For me, it was always man-made lakes--starting with the guitar- shaped pond in Encino behind the mystical Thriftimart "T." But I'm not alone there either. Joan Didion invoked the same location in "Play It As It Lays." Erickson's new book has made our improbable lakes the very image of breaking through to the other side, and when my new protagonist swoons for lost paradise, he swoons lakeside. He swoons thinking about rounding a certain bend on Mulholland Drive, where time peels away, leaving in its place one of those fenced, forbidden vistas--a cobalt blue reservoir in the lap of a canyon a half-mile across. Wholeness, temptation and loss, in a single glance. He swoons because alongside the Encino reservoir, the hills seem to stare directly into Utah, and because even when living in L.A. you long for it a little, as if it can never be your city altogether.

Of course, if you're a writer who depends on staring into Utah from Encino, you get used to some uneven results. What you don't expect is to keep bumping into other writers in their sleeping gowns. You don't expect to keep finishing each other's dreams. In the first short story I ever sold, a young heir to a swimming-pool business gets lost in Death Valley looking for a chapter president of the Lainie Kazan Fan Club. In Block's first book, from about the same time, a young guy stumbles upon a covenly chapter of the Jayne Mansfield Fan Club. In Sherrill's first novel, after a car crash in the desert, a reporter stumbles upon the ghosts of film stars at a hotel pool; in Plascencia's, a lettuce picker has his way with Rita Hayworth.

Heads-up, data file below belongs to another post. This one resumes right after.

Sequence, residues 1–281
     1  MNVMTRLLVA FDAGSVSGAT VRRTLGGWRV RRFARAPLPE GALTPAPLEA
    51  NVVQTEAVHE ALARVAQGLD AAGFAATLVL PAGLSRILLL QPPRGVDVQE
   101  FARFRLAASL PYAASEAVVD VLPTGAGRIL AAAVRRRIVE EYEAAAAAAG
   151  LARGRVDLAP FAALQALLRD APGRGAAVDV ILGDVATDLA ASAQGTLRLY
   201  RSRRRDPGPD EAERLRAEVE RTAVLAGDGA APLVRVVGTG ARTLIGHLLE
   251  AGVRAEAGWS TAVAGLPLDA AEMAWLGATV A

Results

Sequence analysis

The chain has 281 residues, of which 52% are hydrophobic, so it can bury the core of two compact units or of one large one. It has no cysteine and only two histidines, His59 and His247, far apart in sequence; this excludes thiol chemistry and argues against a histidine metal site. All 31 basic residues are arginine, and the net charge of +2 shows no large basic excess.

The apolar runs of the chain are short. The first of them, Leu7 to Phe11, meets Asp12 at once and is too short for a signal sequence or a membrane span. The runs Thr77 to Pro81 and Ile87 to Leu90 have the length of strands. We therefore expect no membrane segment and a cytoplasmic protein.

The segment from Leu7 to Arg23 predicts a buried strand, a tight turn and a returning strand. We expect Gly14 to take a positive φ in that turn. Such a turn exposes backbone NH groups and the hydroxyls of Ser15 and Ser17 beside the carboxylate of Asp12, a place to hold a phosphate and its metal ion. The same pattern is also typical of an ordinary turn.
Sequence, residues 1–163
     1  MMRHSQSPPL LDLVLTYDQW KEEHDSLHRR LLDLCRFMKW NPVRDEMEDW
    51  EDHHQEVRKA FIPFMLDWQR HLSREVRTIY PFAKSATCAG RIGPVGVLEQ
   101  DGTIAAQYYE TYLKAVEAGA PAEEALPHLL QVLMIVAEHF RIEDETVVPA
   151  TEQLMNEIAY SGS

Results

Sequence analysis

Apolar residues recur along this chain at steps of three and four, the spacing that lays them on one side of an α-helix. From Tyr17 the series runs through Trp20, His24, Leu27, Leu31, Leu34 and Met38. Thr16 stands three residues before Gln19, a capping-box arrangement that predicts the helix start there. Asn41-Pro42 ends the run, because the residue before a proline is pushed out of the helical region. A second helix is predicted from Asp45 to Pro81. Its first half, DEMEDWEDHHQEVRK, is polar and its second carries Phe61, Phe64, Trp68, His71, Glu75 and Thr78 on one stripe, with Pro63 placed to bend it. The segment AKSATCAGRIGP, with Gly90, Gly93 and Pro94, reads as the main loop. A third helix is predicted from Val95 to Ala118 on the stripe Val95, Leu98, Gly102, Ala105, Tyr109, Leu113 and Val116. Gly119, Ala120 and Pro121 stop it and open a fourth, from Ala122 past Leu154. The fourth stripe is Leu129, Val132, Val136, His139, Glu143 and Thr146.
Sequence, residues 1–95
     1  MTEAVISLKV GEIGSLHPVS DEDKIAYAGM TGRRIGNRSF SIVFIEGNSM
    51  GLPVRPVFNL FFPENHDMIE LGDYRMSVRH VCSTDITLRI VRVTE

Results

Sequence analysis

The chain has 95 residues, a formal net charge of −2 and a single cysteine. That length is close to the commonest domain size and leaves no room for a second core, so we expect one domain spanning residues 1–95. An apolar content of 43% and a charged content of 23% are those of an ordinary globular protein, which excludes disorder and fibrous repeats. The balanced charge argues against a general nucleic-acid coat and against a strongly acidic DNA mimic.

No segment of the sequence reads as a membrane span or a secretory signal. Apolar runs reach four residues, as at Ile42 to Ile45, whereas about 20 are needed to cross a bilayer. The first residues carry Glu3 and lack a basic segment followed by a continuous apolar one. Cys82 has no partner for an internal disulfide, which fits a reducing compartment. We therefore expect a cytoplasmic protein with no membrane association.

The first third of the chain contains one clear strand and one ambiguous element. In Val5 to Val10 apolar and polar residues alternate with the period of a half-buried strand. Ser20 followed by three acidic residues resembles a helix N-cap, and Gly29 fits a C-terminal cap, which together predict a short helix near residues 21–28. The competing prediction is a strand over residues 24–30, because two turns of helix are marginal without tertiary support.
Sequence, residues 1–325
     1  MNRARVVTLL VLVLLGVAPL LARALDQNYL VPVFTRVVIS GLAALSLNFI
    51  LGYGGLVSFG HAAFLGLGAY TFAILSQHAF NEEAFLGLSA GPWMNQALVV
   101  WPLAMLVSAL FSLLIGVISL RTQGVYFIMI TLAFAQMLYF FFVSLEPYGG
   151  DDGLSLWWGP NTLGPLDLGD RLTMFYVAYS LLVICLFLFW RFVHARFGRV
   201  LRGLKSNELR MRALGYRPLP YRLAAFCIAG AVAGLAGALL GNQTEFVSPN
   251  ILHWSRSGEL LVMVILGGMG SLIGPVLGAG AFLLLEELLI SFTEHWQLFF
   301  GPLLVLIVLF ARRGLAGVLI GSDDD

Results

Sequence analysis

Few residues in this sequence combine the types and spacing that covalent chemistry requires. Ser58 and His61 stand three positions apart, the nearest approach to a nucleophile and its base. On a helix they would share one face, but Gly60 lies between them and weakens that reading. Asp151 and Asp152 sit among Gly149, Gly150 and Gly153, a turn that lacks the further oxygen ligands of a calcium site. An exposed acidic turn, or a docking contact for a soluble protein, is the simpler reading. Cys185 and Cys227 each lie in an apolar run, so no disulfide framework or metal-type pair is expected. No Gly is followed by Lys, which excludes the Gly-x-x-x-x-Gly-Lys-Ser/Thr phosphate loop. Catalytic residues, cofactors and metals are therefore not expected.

Several of these L.A. writers, I should mention, are more or less friends. I solicited a book blurb from Erickson because he's my hero, and from Sherrill, whom I knew from UCLA and who had the same favorite movie no one else could stand: Harold Pinter's surrealist adaptation of F. Scott Fitzgerald's "The Last Tycoon." (It ends in whiteness--a soundstage mirage.)

Stephen Cooper, who wrote the newly reissued biography of John Fante, "Full of Life," was briefly my graduate professor at Cal State Long Beach, and as I was writing this essay he coined a name for this new school of writing: Southern California Dream Realism. So I talked him into driving with me to the desert. I had two reasons: I wanted to chase the ghost of Fante's Arturo Bandini to the spot where he lost his Mayan Princess, and I wanted to talk about Fante's themes generally.

Every Los Angeles writer at the outskirts of vision feels a connection to "Ask the Dust," the 1939 novel that, more than any other, seems to weep over this city's corpse in the ecstasy of possessing it. ("Los Angeles, give me some of you! Los Angeles come to me the way I came to you, my feet over your streets, you pretty town I loved you so much, you sad flower in the sand, you pretty town.") Claremont McKenna professor Jay Martin has pointed out that what W.H. Auden called "West's Disease"--an L.A. collision of foolishness, desire and illusion named after Nathanael West--could just as well have been named after Fante. In any case, we all are sufferers. We're not sure, exactly, how the intimacy of our suffering will survive the novel's journey to the screen, to the masses, to the world. But for a while longer, it's strictly ours.